Ultimately the ten northern tribes of Israel were conquered and
dispersed because "they worshiped other gods" (2 Kings
Paul expressed the same concern. Speaking of the whole range of
"gods" whom the non-Christians worshiped in his day -
Greek and Roman gods, Egyptian and Persian gods, and the gods of
various "mystery" religions - he wrote, "The sacrifices
of pagans are offered to demons, not to God, and I do not want you
to be participants with demons. You cannot drink the cup of the
Lord and the cup of demons too; you cannot have a part in both the
Lord's table and the table of demons" (1 Corinthians 10:20-21).
God's concern is vividly expressed in the following passage from
the prophet Jeremiah,
"'Has a nation ever changed its gods? (Yet they are not gods
at all.) But my people have exchanged their Glory for worthless
idols. Be appalled at this, O heavens, and shudder with great horror,'
declares the Lord. 'My people have committed two sins. They have
forsaken me, the spring of living water, and have dug their own
cisterns, broken cisterns that cannot hold water'" (Jeremiah
God is declaring clearly that he is the only God and that anything
else which claims to be a god is not a god at all. It is worthless,
like a broken jar that cannot hold water. And he is appalled that
his people have left him to follow after such false and worthless
things. I believe that those, today, who assert that all gods are
the same and all religions are the same are doing just what this
passage describes. They are forsaking the spring of living waters
and digging broken cisterns that cannot hold water.
Scripture sometimes speaks of God as a "jealous" God
(Exodus 20:5). This does not mean that he is envious of, or feels
threatened by, other so-called "gods". Rather it means
that he is "zealous" (another meaning of the same Hebrew
word), he is intensely concerned, to protect his people from going
down a path that will lead to their destruction, much as a mother
would be zealous to make sure that her young child does not run
out into a busy street.
(I have discussed this more fully in my paper entitled "Is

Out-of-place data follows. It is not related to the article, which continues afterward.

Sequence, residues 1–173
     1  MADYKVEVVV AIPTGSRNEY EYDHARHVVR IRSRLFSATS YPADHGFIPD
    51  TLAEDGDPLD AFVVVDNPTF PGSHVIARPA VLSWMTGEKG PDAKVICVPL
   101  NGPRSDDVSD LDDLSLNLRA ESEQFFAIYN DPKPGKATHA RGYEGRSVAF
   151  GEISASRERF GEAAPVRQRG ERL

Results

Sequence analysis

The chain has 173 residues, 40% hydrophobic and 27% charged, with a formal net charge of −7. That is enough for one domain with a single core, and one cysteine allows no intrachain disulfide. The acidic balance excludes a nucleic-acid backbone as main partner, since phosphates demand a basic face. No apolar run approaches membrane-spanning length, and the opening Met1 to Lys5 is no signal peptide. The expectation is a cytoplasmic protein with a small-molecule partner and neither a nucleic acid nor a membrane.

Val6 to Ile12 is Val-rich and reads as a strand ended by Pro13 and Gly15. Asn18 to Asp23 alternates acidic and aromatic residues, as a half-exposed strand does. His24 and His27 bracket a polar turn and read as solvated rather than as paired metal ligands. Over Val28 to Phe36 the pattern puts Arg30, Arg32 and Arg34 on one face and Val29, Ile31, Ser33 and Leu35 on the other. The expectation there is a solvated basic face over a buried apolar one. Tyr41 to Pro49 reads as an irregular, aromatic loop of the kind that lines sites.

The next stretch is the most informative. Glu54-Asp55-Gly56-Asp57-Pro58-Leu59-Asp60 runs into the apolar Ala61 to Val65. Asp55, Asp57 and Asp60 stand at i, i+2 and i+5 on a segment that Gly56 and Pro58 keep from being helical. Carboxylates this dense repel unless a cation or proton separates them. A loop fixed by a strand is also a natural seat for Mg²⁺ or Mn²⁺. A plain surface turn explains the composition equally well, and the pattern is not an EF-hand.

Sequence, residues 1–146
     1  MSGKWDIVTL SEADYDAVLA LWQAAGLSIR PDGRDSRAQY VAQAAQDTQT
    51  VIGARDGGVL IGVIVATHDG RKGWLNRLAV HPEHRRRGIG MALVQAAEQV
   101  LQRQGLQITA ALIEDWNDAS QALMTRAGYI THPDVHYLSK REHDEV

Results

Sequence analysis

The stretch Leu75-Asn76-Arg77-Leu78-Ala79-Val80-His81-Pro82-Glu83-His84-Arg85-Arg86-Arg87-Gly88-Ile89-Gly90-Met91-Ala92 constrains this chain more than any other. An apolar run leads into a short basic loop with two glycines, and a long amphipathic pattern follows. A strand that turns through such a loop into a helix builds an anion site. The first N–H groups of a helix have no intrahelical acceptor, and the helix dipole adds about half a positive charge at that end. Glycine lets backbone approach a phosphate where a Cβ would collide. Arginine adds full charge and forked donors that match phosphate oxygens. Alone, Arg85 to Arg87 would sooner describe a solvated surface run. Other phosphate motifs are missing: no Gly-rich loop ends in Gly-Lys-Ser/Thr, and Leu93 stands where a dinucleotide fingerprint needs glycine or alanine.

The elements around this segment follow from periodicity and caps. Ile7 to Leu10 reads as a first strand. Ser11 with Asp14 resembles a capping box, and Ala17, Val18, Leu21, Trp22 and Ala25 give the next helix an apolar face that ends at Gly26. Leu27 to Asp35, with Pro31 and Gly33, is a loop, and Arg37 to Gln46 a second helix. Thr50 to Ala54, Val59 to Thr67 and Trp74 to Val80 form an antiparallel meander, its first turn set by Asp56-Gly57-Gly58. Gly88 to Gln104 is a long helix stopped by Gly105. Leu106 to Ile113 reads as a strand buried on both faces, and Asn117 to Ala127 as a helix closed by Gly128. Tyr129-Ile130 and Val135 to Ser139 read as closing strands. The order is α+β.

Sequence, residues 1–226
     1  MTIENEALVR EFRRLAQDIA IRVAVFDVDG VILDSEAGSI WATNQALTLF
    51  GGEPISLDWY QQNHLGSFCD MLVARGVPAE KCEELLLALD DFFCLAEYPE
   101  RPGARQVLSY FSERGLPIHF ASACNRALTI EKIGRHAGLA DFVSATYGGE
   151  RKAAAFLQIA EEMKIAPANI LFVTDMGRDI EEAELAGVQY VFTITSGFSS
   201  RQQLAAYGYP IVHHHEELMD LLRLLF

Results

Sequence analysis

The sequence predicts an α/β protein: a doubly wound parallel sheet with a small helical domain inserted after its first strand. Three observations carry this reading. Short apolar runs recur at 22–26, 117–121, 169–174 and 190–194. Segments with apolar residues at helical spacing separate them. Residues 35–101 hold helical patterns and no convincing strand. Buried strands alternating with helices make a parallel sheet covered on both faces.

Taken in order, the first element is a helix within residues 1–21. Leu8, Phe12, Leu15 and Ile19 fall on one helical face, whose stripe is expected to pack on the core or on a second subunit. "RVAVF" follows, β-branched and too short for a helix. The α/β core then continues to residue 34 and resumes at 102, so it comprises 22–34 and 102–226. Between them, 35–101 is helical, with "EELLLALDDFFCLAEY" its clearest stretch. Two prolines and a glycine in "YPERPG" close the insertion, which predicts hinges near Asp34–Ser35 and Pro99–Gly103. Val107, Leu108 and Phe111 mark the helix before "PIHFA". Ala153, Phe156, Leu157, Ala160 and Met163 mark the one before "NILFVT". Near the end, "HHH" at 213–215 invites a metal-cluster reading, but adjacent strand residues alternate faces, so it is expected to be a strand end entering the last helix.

In his remarkable book "How Then Shall We Live" (Tyndale
House, 1999 (revised)) pp. 19-26, Chuck Colson speaks of the conflict
of "theism versus naturalism. Theism is the belief that there
is a transcendent God who created the universe; naturalism is the
belief that natural causes alone are sufficient to explain everything
that exists." I believe that these two views cannot coexist.
Either there is a God who created all things (including me) and
to whom I am accountable for all my actions and decisions, or else
everything is the result of natural forces and I have no accountability
Our nation was founded on theistic principles. Its founders believed
that, without personal morality based on a strong Christian religion,
democracy could not survive. But we have moved strongly in the direction
of naturalism. Indeed, in our zeal to avoid "establishing"
any religion, we have come very close to establishing naturalism
as the religion of our public school system.
Here again, Jesus calls for a clear division. He spoke of his
Father as the creator (Mark 10:6, 13:19). Jesus himself existed
before the world (the physical universe) began (John 17:5; John
1:1-2). He participated in the creation of the physical universe
(John 1:3; Colossians 1:16-17; Hebrews 1:2). By his Incarnation,
Resurrection and Ascension he demonstrated God's power over all
material things. His whole ministry declares our accountability
to God for our acts. And a time will come when he will judge us
by the decisions we have made (John 5:27-30).
Jesus confronts us with a choice between these two world-views.
To accept the naturalistic world-view is to reject Jesus Christ.
I believe we are approaching what Scripture refers to as the end
times. As we approach them, I believe the lines are being more sharply
drawn between good and evil, between truth and falsity, between
the one true God and other false "gods", and between theism
and naturalism. We must choose. There is no middle ground. Jesus
confronts us with the choice. He divides us and judges us according
to how we have chosen.